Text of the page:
The same wiring works for 'Capacitor Discharge Units' which some people prefer for more reliable point operation.

I warmly recommend the several small books PECO produce on wiring up layouts. They have clear coloured diagrams which are easy to follow.
They also explain much better than I can about how cab control can be simplified by 'Common Return' wiring which only needs one wire to each track section and uses switch No. 3 above, with some saving in money and time and effort.
Regards,
John Webb
 

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Discussion Starter · #9 ·
QUOTE (John Webb @ 25 Oct 2006, 22:49) <{POST_SNAPBACK}>No. 1 - Correct
No. 5 - the centre pair of tags go to the rails- these are connected to the moving contacts in the switch. One controller output goes to the pair of tags on one side, the second controller to the pair of tags on the other.
No. 6 - one side of the power supply (usually 16 volts AC) into the central tag. One outer tag is wired to one coil, the other outer tag to the other coil of the point motor. The other side of the power supply goes straight to the two unused tags on the point motor coils.
The same wiring works for 'Capacitor Discharge Units' which some people prefer for more reliable point operation.

I warmly recommend the several small books PECO produce on wiring up layouts. They have clear coloured diagrams which are easy to follow.
They also explain much better than I can about how cab control can be simplified by 'Common Return' wiring which only needs one wire to each track section and uses switch No. 3 above, with some saving in money and time and effort.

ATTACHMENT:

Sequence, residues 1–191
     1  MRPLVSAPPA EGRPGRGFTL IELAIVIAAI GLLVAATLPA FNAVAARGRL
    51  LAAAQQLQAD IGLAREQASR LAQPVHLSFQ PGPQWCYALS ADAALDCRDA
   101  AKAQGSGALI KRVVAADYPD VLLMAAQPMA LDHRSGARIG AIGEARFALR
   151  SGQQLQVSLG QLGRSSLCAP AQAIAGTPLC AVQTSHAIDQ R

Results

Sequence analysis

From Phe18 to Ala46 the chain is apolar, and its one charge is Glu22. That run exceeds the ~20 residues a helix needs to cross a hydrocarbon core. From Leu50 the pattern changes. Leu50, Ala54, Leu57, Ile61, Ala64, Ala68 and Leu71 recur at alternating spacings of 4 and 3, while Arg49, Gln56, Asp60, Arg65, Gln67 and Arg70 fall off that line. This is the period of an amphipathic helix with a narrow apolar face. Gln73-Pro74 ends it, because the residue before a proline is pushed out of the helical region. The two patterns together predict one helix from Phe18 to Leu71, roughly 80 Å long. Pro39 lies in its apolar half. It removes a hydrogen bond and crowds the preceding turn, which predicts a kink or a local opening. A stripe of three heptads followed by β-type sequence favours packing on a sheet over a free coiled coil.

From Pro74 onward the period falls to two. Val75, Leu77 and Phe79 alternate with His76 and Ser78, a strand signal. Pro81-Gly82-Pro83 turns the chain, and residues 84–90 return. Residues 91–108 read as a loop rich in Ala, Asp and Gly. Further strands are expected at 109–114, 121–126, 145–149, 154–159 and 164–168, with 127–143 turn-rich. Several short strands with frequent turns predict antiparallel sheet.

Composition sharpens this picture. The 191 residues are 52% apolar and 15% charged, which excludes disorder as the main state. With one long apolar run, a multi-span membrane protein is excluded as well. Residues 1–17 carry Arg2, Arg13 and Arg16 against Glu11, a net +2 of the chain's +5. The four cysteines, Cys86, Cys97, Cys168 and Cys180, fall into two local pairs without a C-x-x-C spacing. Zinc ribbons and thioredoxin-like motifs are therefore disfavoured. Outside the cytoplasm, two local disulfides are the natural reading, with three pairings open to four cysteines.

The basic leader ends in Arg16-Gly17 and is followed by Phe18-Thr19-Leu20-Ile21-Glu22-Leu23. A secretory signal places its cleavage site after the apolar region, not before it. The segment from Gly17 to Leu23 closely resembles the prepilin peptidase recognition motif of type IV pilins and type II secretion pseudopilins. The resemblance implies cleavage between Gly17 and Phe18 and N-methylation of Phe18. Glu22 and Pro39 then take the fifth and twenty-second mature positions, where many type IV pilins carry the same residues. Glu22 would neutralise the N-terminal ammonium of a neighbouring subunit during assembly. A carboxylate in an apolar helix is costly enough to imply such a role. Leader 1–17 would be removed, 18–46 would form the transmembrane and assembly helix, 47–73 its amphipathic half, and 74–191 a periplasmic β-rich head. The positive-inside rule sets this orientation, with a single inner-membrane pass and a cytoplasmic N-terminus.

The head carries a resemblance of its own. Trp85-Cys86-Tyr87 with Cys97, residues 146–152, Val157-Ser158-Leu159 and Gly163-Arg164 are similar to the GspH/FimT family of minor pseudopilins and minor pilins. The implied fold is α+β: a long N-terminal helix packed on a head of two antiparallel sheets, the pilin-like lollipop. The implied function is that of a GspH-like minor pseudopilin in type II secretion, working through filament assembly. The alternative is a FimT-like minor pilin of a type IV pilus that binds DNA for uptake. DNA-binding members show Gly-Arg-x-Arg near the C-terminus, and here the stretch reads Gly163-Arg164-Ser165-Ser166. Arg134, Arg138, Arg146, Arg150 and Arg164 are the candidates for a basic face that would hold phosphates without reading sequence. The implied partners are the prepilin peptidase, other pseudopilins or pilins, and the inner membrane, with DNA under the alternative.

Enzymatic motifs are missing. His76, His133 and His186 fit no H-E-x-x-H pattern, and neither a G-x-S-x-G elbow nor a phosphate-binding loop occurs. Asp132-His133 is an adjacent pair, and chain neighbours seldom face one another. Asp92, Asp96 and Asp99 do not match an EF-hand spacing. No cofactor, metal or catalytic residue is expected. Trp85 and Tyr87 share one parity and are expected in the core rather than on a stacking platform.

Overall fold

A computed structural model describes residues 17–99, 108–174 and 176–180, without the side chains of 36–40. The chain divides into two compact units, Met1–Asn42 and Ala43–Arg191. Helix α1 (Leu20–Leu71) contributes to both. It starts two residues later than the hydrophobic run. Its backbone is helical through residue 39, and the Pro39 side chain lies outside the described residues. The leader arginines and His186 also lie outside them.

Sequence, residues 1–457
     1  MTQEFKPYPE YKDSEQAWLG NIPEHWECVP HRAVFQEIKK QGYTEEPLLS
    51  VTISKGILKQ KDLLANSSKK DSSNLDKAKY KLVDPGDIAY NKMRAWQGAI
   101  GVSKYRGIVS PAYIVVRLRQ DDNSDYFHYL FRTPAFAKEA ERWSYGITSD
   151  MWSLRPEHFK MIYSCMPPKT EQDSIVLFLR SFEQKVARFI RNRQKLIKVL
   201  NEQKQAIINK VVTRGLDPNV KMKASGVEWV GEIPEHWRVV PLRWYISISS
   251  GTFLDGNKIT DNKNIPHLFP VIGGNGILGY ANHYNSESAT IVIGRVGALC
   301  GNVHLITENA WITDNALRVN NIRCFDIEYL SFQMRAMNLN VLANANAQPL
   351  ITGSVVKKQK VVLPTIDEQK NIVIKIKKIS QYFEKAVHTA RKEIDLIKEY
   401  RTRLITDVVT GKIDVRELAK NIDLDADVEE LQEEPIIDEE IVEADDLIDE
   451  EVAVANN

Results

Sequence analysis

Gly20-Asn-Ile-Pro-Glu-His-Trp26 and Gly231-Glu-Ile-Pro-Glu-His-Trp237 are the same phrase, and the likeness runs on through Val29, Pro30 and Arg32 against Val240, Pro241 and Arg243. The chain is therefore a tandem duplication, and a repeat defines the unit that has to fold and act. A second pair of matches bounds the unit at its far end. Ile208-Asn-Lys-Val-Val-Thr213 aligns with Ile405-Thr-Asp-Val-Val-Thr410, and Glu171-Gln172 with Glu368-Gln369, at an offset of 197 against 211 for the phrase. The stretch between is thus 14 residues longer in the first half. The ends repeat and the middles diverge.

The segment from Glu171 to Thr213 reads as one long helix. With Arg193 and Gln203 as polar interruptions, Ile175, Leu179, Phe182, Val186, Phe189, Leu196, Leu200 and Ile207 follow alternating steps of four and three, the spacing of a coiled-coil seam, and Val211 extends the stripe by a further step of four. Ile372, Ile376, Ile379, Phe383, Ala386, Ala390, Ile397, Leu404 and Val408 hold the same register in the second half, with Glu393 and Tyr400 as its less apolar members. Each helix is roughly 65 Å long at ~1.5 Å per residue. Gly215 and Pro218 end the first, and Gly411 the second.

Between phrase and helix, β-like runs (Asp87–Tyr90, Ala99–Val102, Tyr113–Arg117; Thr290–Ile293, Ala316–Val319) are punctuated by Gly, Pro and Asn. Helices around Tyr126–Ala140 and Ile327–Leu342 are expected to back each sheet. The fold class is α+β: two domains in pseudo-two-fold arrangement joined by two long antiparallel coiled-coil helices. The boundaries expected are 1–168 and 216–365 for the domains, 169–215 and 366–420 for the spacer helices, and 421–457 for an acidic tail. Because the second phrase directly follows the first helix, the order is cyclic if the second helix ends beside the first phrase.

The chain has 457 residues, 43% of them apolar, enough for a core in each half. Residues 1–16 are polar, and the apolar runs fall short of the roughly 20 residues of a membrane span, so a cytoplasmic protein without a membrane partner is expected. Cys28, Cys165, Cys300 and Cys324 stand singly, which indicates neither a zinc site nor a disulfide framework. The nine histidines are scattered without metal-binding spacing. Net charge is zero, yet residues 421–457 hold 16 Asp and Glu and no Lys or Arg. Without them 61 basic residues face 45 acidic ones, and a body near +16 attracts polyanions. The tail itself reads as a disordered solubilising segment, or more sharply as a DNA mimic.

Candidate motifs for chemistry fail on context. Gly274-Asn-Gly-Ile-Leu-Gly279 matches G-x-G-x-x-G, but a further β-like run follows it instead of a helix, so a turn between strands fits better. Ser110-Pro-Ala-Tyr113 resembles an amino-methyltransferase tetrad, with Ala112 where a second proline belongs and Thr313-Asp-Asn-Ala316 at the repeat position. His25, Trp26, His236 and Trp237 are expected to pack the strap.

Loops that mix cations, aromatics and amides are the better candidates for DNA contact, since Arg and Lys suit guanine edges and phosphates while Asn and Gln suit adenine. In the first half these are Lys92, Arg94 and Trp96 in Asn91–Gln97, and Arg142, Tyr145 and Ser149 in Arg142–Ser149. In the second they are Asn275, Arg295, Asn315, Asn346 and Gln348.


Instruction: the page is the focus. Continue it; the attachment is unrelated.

Regards,
John Webb]
Thanks a lot John, much appreciated. I do have a few books that show the wiring, and I have figured out most of that as shown on my diagram posted elsewhere, however, I need to be sure of the connections. I intend to use the common return approach, so No.3 sound the way to go. What are the connections for that one?
K
 

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Toggle switches use the central tag as the moving armature (or the contact that's moved by the toggle lever) The outers are the contacts that the armature makes contact to when the toggle lever is in the correct position. So, centre to either left or right tag/s depending on lever position. Don't forget that in most toggle switches the levers position is opposite to the contact thats making. i.e Lever to the left the centre and right tag makes while lever to the right the left and centre make!

For the small extra cost (pence normally) I wouldn't buy SPDT toggle switches. Buy the DPDT version as this gives you an added set of contacts that can be used for other functions if need be. Forward planning perhaps?

My web site link here shows most common toggle switch arrangements Common Toggle Switches In the diagrams the central armature is depiced by the thicker line and the dot (The dot being the armature central tag).
 

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Discussion Starter · #11 ·
QUOTE (Brian @ 26 Oct 2006, 10:46) <{POST_SNAPBACK}>Toggle switches use the central tag as the moving armature (or the contact that's moved by the toggle lever) The outers are the contacts that the armature makes contact to when the toggle lever is in the correct position. So, centre to either left or right tag/s depending on lever position. Don't forget that in most toggle switches the levers position is opposite to the contact thats making. i.e Lever to the left the centre and right tag makes while lever to the right the left and centre make!

For the small extra cost (pence normally) I wouldn't buy SPDT toggle switches. Buy the DPDT version as this gives you an added set of contacts that can be used for other functions if need be. Forward planning perhaps?

My web site link here shows most common toggle switch arrangements Common Toggle Switches In the diagrams the central armature is depiced by the thicker line and the dot (The dot being the armature central tag).
Thanks Brian, making a lot more sence now. A picture speaks a thousand words.
K